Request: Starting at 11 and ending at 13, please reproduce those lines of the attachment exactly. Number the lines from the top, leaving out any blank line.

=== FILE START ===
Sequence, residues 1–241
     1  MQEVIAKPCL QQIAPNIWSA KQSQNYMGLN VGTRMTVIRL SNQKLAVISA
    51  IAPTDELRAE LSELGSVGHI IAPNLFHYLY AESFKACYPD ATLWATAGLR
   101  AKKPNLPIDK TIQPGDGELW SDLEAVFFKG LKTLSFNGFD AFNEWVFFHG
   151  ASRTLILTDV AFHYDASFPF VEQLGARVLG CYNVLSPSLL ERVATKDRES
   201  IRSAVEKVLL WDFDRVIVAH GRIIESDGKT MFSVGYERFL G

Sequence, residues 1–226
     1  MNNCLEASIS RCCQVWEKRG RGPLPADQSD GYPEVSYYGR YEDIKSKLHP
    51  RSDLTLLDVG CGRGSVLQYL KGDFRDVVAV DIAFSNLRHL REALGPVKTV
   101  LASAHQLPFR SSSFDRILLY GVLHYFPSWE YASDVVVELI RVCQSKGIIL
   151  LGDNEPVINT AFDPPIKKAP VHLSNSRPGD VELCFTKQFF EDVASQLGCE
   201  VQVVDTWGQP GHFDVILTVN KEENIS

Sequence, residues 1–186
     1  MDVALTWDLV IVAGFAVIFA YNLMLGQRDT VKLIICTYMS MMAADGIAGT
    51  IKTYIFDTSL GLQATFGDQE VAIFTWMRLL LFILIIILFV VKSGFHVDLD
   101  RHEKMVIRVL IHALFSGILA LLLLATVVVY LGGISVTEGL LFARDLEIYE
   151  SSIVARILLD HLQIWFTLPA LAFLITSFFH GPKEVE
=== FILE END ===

   151  LGDNEPVINT AFDPPIKKAP VHLSNSRPGD VELCFTKQFF EDVASQLGCE
   201  VQVVDTWGQP GHFDVILTVN KEENIS

Sequence, residues 1–186